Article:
owned by him, if it were not for the fact that the vehicle was owned by the insureds' son and the policy contained a severability clause providing in relevant part that the policy "applied separately to each insured").
We also acknowledge the defendant's argument that there is a difference between the plaintiff's duty to defend and its duty to indemnify. We agree with the defendant that, when the allegations of the Esada complaint are matched against the policy provisions, it would appear that there is coverage under the policy because there is no mention in the complaint that the accident occurred away from the defendant's premises. However, the plaintiff in its investigation learned that the accident occurred off of the insured's premises. Because the duty to defend is based on the facts alleged in the complaint and those facts which are known by the insurer, the plaintiff rightfully disclaimed its duty to defend and brought a declaratory action to determine its duties. Boston Symphony Orchestra, Inc. v. Commercial Union Ins. Co., 406 Mass. 7 , 10-11 (1989). Thus, this case falls within one of the rare exceptions to the rule that an insurer has a duty to defend as long as the complaint states or adumbrates a claim within the coverage, Sterilite Corp. v. Continental Cas. Co., 17 Mass. App. Ct. 316 , 323-324 (1983), that exception being the existence of an undisputed extrinsic fact that takes the case outside the coverage and that will not be litigated at the trial of the underlying action.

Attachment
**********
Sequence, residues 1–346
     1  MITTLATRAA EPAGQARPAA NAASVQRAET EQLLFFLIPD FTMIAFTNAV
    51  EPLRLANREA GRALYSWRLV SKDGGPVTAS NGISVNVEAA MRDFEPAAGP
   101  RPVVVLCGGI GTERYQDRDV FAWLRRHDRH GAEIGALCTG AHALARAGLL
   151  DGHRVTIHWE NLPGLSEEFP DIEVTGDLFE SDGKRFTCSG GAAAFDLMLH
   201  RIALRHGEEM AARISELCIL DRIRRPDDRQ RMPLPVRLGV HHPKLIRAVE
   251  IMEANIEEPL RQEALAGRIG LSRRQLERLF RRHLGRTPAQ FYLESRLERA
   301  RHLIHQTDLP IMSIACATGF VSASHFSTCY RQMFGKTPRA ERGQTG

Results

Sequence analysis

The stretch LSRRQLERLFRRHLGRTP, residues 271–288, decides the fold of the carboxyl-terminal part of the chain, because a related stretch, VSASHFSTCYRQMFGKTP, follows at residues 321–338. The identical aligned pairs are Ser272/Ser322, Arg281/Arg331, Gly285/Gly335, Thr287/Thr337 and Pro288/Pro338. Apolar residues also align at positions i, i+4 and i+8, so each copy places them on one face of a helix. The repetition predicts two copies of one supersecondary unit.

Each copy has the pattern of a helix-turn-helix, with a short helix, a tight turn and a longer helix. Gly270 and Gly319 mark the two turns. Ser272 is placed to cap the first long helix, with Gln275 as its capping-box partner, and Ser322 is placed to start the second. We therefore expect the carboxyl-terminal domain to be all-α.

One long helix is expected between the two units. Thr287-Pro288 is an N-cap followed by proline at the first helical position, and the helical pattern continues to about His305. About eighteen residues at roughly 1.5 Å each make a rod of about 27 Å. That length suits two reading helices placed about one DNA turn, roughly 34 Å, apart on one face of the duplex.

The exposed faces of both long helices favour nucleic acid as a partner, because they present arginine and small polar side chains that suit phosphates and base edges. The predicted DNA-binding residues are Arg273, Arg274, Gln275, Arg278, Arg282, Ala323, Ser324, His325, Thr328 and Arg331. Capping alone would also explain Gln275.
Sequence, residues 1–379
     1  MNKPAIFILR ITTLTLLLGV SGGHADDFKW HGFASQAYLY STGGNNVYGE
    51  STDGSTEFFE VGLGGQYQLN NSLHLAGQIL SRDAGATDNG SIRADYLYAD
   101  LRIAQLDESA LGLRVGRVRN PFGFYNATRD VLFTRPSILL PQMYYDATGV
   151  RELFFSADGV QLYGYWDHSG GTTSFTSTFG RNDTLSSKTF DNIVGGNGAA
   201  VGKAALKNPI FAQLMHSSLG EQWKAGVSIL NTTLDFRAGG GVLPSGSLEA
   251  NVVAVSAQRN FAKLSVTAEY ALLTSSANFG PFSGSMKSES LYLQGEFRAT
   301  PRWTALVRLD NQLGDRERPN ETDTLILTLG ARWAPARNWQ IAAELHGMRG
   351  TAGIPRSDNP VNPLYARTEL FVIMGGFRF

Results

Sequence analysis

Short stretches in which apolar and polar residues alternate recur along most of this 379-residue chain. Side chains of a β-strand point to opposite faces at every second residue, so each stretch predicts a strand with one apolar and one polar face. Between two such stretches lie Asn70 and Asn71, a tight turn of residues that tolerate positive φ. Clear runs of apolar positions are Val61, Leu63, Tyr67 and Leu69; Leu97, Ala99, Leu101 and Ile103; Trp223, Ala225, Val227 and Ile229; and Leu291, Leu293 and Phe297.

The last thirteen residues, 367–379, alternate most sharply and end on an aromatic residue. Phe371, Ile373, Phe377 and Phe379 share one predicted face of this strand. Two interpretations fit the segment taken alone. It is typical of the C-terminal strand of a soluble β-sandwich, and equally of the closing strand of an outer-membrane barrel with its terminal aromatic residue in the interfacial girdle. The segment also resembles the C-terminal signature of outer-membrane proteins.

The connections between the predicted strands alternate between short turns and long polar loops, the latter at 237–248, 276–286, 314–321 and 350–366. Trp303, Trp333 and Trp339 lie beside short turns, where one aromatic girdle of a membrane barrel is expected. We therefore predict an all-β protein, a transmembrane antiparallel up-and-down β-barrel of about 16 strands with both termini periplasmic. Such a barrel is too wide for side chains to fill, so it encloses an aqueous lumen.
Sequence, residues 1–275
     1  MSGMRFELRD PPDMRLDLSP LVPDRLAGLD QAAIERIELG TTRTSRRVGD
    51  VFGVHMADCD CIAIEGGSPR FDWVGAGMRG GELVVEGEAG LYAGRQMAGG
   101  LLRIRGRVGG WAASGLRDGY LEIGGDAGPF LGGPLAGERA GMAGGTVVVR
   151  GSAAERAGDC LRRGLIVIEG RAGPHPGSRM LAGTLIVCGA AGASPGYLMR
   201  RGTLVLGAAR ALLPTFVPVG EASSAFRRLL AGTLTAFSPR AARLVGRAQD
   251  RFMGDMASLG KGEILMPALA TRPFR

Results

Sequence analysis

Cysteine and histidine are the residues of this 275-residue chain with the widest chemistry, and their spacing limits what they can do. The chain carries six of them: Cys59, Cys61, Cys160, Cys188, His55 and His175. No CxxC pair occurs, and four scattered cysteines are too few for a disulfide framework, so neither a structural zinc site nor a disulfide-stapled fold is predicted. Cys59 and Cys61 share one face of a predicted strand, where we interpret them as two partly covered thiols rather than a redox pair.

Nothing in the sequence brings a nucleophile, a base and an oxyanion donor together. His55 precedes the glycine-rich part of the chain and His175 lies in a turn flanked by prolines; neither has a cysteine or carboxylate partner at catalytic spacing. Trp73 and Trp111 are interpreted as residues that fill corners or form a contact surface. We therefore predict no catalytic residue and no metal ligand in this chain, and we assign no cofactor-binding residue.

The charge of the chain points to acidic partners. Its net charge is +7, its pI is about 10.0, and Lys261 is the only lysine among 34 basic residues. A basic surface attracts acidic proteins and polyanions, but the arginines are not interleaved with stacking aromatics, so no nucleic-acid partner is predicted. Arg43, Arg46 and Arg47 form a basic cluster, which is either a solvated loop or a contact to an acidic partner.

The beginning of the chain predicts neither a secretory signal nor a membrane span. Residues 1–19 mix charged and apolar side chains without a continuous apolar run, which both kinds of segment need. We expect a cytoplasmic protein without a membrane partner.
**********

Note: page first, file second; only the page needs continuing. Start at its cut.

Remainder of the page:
The judge correctly granted the plaintiff's motion for summary judgment, but neglected to declare the rights of the parties. In an action brought pursuant to G. L. c. 231A, a declaration is required, even when the case is decided on motions for summary judgment. Berkshire Mut. Ins. Co. v. Burbank, 422 Mass. 659 , 660 n.2 (1996). Therefore, the judgment is modified to include a declaration that the plaintiff's special farm package insurance policy with the defendant does not require it to defend or to indemnify the defendant for any liability resulting from the recreational use of the defendant's all-terrain vehicle by the defendant's guest on a public way on or about August 19, 1993. As so modified, the judgment is affirmed.